External debt burden fallen dramatically and savings on external debt servicing have freed resources for poverty reduction. Continued efforts needed to sustain long-term debt sustainability.
Africa: At Monterrey (2002), Africa committed to establish national comprehensive strategies to monitor and manage external liabilities, embedded in the domestic preconditions for debt sustainability.
Development partners: The Monterrey Consensus called for a speedy, effective and full implementation of the enhanced Heavily Indebted Poor Countries (HIPC) initiative and increased international cooperation for sustainable debt financing.
In 2005 at Gleneagles, G8 countries further committed, through the Multilateral Debt Relief Initiative (MDRI), to cancel 100% of outstanding debts of eligible HIPCs to the International Monetary Fund (IMF), the International Development Agency (IDA) and the African Development Fund (AfDF), and to provide additional resources to ensure that the financing capacity of the above institutions is not reduced.
Recognising significant improvement in key debt sustainability indicators, the 2008 Doha Financing for Development Conference stressed the need to avoid a recurrence of unsustainable levels of debt. And the G-8/Africa Joint Declaration adopted at the G-8 Deauville Summit in May 2011 reiterated the call to preserve debt sustainability in Africa. The G-20 Cannes Summit Declaration called for the review of the World Bank/IMF Debt Sustainability Framework to allow greater private participation in African Infrastructure.
What has been done to deliver on these commitments?
Africa: Debt management systems in most African countries have progressed, albeit only marginally. Most countries have now set up a debt management unit, debt recording systems are generally adequate, and data on public debt is more readily available. In most countries, the legal framework for public borrowing is better defined, and there are nascent efforts to co-ordinate debt management and macroeconomic policies across key government agencies.
Development partners: The HIPC and MDRI Initiatives have made substantial progress. To help countries avoid lawsuits by creditors who do not participate in the HIPC process, the World Bank and other donors have helped countries buy back commercial debt at a steep discount, thus clearing debt not covered by the HIPC Initiative. The World Bank and the IMF have developed a Debt Sustainability Framework (DSF), periodically reviewed since its establishment in 2005, to regularly assess the debt sustainability of eligible countries based on debt burden indicators. To allow countries with new borrowing space to finance public investment, partly on non-concessional terms, the DSF was recently revised by strengthening the link between debt-financed investment and growth, capturing better the expected economic and social returns from investments.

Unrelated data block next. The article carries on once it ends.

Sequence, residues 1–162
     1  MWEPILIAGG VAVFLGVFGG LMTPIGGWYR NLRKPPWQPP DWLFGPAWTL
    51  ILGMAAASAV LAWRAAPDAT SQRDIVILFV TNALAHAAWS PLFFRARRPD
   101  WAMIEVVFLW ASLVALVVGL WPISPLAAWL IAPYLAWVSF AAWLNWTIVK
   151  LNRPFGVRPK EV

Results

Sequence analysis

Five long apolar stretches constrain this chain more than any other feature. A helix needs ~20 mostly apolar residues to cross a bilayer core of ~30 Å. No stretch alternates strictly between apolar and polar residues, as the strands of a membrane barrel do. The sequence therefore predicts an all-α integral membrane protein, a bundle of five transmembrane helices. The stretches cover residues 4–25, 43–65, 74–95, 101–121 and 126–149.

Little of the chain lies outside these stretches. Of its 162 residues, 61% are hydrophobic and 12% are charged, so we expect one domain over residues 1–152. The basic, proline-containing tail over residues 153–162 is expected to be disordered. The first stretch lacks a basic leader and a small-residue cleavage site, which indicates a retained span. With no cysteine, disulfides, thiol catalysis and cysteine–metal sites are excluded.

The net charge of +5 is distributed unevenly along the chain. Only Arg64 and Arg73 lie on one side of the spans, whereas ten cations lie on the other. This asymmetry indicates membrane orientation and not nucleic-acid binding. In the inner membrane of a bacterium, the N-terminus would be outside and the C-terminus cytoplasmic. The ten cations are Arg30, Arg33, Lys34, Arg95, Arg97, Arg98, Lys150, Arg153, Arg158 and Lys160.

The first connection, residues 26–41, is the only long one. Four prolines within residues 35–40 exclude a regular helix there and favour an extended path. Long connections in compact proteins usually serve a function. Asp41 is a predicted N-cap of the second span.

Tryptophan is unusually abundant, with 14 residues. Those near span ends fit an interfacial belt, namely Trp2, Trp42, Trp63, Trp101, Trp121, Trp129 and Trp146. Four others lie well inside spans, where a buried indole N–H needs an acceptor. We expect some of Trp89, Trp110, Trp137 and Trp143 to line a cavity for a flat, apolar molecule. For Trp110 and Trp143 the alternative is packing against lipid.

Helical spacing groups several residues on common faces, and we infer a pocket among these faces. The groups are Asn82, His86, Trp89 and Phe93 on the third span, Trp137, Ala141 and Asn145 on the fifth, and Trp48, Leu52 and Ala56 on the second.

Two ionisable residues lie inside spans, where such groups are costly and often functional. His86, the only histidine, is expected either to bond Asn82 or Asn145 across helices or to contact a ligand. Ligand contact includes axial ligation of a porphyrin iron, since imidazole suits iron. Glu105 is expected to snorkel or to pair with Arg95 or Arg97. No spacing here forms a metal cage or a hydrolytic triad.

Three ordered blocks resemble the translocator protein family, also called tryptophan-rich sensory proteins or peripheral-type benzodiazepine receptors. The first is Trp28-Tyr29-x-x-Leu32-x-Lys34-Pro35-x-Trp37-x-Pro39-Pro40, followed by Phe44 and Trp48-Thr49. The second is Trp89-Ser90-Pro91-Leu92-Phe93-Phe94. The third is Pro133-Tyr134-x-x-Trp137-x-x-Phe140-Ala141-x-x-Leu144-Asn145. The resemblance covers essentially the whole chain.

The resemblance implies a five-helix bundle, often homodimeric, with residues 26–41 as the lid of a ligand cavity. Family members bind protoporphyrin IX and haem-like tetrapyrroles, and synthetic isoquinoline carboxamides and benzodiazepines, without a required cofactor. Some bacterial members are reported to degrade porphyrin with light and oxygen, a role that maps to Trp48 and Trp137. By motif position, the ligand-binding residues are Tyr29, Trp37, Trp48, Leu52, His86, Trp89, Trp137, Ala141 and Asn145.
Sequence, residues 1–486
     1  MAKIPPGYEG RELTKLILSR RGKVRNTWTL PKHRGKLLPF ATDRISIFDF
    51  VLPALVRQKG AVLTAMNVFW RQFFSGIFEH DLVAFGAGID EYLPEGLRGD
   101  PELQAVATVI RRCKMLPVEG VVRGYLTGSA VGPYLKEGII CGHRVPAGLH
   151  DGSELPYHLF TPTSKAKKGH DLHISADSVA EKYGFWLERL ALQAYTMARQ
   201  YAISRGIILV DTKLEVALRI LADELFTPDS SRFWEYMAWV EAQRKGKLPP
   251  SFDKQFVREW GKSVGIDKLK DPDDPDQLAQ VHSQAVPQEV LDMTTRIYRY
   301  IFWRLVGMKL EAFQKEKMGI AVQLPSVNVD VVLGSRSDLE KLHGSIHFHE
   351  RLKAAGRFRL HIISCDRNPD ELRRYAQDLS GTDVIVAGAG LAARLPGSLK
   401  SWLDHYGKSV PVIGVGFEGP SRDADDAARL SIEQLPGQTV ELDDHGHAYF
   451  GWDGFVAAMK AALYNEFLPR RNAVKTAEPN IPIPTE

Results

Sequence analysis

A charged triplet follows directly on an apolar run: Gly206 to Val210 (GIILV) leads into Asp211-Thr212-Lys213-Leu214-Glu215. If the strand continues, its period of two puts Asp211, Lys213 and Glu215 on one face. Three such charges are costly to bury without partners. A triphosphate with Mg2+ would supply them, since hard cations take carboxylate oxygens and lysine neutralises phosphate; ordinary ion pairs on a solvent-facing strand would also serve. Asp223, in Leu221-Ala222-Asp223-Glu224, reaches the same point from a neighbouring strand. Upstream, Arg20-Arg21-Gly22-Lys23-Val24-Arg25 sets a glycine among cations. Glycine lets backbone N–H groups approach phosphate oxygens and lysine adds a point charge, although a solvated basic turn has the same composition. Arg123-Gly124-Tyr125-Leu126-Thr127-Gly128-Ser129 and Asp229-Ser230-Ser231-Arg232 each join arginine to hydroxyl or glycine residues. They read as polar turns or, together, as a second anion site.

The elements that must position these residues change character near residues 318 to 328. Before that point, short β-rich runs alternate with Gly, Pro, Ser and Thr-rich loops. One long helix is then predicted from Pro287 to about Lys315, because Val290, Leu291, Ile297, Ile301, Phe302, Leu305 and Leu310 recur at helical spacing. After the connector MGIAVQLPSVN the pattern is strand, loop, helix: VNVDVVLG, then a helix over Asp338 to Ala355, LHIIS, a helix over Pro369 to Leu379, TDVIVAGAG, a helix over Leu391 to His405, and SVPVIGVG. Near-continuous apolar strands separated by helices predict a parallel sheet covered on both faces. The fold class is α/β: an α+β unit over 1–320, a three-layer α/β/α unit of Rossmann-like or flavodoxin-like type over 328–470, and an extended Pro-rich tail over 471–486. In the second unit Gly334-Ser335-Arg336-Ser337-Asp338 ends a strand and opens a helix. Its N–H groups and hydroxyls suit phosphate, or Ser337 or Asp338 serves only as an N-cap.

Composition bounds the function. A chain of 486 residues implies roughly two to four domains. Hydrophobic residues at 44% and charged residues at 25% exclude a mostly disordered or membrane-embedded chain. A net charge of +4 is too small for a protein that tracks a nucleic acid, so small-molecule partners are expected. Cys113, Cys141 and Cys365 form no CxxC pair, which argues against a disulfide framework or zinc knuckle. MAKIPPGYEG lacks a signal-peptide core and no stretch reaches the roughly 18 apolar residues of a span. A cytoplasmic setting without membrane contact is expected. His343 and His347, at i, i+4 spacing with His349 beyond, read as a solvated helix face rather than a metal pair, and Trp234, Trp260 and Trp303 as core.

What results have been achieved?
Of the 33 eligible African countries, 26 have reached the HIPC completion point and have received irrevocable debt relief and 100% debt cancellation under the MDRI. Four others are expected to reach completion point within the next 12 months. Three ‘pre-decision point’ countries that are yet to start the process of qualifying for debt relief under the Initiative are potentially eligible, and one more country could become eligible, making a total of 34 countries in sub-Saharan Africa benefiting from the Initiative. Over US$10 billion of external commercial debt has also been written off in 21 low-income countries of which 15 from Africa, since the creation of the Debt Reduction Facility by the World Bank in 1989.
Nevertheless, several challenges remain:
• Some of the remaining seven countries that have not yet reached the HIPC completion point, and particularly the pre-decision-point HIPCs, will require sustained domestic efforts and continued support from the international community in the interim period;
What are the future priority actions?
• Maintain efforts to enhance debt management and sustainability, including domestic debt;